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Hatching an Idea

Volunteers work to educate beach visitors about the needs
of Alabama's sea turtles.

The odds are stacked against baby sea turtles from the beginning. These hard-luck kids of the beach face natural predators, human interference, and loss of habitat. Then, if they make it out of their nest, the path to water is no Sunday afternoon stroll. Yes, if anything needs a champion, it's a baby sea turtle.

turtles

In Title: People aren't the only creatures drawn to Alabama's beaches, This year, nearly 220 turtle nests have been counted. Gulf Shores & Orange Beach Tourism

Above/below: Baby sea turtles work to make their way to the warm Gulf waters. Chandra Wright

turtles

Enter nature tourism specialist Chandra Wright. She is with the Mississippi-Alabama Sea Grant Consortium and Gulf Shores & Orange Beach Tourism. Wright also volunteers for Share the Beach, Alabama's sea turtle conservation program that focuses on helping the turtles to hatch and get to the water, while also educating the public on ways to respect the nesting areas.

Sweet home Alabama

Humans aren't the only creatures to recognize the strip of beach from Fort Morgan to Gulf Shores and Orange Beach, plus Dauphin Island, as an ideal getaway. Each year, sea turtles return to this area of the Gulf Coast to lay eggs on the beaches where they were hatched. Currently, there are nearly 220 turtle nests in Alabama, Wright said.

Turtle eggs incubate from 55 to 75 days. Share the Beach volunteers monitor the nests by listening to the eggs with a stethoscope and placing screens over the nests to keep predators, like foxes and coyotes, out. Wright said volunteers often stay through the night in two-hour shifts if active sounds come from a nest.

But if there's no sign of turtles after 75 days, the nest can be excavated using U.S. Fish and Wildlife Service protocol. More than 100 eggs can be dug out of a loggerhead's nest, Wright said.

Last year, 8,000 sea turtles hatched along this strip of beach between July and October, according to Share the Beach statistics.

That's an amazing number, considering what the turtles have to deal with on the beaches. The biggest problem for the turtles is all the artificial light due to increasing beach development. Miles of condos and beach houses are great for humans, but not for turtles. The white lights disorient the little turtles, as well as the nesting females.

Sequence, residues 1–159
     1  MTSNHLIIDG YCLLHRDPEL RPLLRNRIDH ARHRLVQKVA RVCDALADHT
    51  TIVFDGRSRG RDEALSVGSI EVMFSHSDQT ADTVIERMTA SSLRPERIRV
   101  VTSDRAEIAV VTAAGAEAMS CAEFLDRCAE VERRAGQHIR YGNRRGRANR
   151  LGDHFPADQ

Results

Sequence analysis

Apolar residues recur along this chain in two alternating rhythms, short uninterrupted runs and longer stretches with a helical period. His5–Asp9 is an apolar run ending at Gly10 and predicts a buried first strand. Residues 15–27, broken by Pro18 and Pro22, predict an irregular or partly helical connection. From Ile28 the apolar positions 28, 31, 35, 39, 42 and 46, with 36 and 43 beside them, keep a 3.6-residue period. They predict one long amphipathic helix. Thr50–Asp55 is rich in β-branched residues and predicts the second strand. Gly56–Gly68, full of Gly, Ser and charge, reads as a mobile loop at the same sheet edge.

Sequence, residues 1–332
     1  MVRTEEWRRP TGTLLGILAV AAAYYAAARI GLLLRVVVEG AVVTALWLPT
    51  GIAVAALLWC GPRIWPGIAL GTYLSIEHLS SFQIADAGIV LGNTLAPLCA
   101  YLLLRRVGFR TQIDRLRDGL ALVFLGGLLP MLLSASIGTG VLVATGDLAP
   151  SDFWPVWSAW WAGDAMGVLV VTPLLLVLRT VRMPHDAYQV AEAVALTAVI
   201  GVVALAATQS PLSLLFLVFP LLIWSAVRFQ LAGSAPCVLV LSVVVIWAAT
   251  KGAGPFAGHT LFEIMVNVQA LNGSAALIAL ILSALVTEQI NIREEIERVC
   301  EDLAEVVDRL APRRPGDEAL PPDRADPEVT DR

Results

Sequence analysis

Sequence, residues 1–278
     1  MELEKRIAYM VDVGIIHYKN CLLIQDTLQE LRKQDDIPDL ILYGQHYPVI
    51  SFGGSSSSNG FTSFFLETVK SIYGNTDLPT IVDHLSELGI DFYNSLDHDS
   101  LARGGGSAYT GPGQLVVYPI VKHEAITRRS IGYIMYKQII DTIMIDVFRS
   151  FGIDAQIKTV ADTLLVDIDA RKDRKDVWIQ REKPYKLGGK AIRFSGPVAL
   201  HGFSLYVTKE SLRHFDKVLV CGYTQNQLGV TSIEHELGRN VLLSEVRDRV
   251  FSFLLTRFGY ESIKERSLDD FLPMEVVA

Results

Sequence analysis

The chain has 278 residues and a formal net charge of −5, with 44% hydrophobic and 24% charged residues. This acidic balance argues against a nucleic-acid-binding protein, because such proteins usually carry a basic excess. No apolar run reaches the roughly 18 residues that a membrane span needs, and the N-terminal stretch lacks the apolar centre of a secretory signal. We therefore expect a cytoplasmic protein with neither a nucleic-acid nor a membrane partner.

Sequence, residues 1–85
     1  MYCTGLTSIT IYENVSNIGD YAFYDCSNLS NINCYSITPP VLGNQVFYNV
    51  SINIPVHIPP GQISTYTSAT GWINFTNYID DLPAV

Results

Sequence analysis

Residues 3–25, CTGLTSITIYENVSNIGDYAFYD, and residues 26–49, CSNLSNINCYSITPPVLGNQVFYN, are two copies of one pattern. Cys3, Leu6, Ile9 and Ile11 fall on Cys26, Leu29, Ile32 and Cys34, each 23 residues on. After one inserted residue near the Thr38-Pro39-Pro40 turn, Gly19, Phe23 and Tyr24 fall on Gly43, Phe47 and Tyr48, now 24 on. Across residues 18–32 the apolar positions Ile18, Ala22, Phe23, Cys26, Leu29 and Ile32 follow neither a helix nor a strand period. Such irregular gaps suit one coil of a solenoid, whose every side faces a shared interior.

Even making it to the water doesn't guarantee a turtle's survival, Wright said.

"Once in the water, they have a lot of challenges, such as shark predators," she said.

Lend a hand for a flipper

To help the turtles on their journey, Wright said Share the Beach asks beach guests to dim the window lighting and turn off deck lights. The hatchlings crawl to the light, thinking they are going toward the water. When they wander, they often perish.

If a nest is near a condo, Share the Beach folks talk to management companies to inform them of the turtle presence and ask for cooperation with the lights. Sometimes, volunteers go door-to-door with information on behalf of the turtles.

From May 1 to Aug. 31, volunteers each morning at sunrise comb the beach for turtle tracks left by mamas who may have nested during the night. They also direct traffic at the nests, creating a pathway in the sand that leads to the water, keeping the babies from straying off course.

Companies that rent the beach chairs and umbrellas could also help by keeping the items at the dune line and not close to the water.

But new city ordinances in Gulf Shores and Orange Beach require the removal of all personal property from the beach one hour after sunset, or it will be removed and recycled by authorized personnel. Such items include chairs, tents, umbrellas, toys, and coolers. The initiative is known as "Leave Only Footprints."

Wright acknowledges it's a lot to monitor.

"I don't think I'll ever run out of things to do," she said.

But we should remember that the turtles have been vacationing at the Gulf Coast long before we were. By adopting a few easy steps, we can successfully share the beautiful beach with them.

Deborah Reinhardt is managing editor of AAA Midwest and AAA Southern Traveler magazines.

September/October 2016 Issue

BEFORE YOU GO

For more information about the Share the Beach program, visit www.alabamaseaturtles.com

Information about the Leave Only Footprints initiative is available at www.cleanisland.org.

Visit the nature center at Gulf State Park to learn more about animals native to the Gulf Coast area.

To visit Alabama's Gulf Coast, first stop by your nearest AAA service office for maps, reservations, TripTik® Travel Planners and TourBook® guides.

Order free information about Alabama through the Free Travel Information page, found online.


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